Publication Date



Policy Paper No. 2011-010




The recent recession and its aftermath have once again demonstrated the importance of the unemployment insurance system as a vital part of the nation’s safety net. But some facets of the program are in need of repair, including the high rate at which recipients run out of regular benefits, even in a strong labor market. Since the mid-1970s, the exhaustion rate has increased by three to four percentage points per decade, after adjusting for cyclical variation and temporary benefit extensions. This brief, drawing on an extensive review of research on the secular rise in UI exhaustions and programs designed to reduce long-term unemployment, considers what federal and state policymakers could do to more effectively address this problem.

The challenge to policymakers is to devise efficient ways of helping UI recipients become reemployed rapidly and, if necessary, supporting them while they search for new jobs. The author concludes that the Worker Profiling and Reemployment Services program already in place provides a good framework for helping to ensure that UI benefits go to workers who comply with the rules and that claimants who need reemployment assistance can get it, but these programs are badly in need of strengthening. In particular, too few of the claimants likely to exhaust are being referred to employment-related services, especially intensive services such as retraining.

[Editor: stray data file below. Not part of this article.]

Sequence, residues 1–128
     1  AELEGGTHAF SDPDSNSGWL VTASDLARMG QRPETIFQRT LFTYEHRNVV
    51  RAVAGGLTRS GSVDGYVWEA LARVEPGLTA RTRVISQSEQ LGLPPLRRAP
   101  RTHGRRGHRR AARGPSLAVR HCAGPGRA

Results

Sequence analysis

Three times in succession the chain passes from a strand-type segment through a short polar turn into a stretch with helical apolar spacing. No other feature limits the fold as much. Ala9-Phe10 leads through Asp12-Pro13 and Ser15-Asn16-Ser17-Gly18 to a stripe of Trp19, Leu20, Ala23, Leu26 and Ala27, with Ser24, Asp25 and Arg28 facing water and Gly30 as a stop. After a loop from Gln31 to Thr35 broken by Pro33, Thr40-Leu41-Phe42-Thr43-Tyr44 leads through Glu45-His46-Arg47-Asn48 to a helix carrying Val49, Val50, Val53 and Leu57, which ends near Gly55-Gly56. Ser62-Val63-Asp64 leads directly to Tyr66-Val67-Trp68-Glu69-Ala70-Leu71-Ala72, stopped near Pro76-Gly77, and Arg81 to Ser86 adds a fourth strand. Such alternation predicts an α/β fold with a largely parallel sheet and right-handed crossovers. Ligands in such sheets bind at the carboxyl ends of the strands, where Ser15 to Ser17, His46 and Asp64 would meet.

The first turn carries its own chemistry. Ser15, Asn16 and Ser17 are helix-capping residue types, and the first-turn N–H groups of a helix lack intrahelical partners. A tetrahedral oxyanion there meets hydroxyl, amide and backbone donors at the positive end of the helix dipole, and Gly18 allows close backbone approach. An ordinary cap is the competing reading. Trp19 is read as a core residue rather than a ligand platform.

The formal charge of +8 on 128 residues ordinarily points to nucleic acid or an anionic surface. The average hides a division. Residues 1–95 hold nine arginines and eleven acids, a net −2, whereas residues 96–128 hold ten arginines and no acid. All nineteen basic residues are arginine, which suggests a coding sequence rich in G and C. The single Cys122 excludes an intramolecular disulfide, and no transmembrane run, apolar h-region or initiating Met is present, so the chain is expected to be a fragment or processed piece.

Issue Date

October 2011

Subject Areas

UNEMPLOYMENT, DISABILITY, and INCOME SUPPORT PROGRAMS; Unemployment insurance; Benefits and duration; WORKFORCE DEVELOPMENT; Labor exchange




Smith, Ralph E. 2011. "Options for Addressing Long-Term Unemployment as the Economy Recovers." Policy Paper No. 2011-010. Kalamazoo, MI: W.E. Upjohn Institute for Employment Research.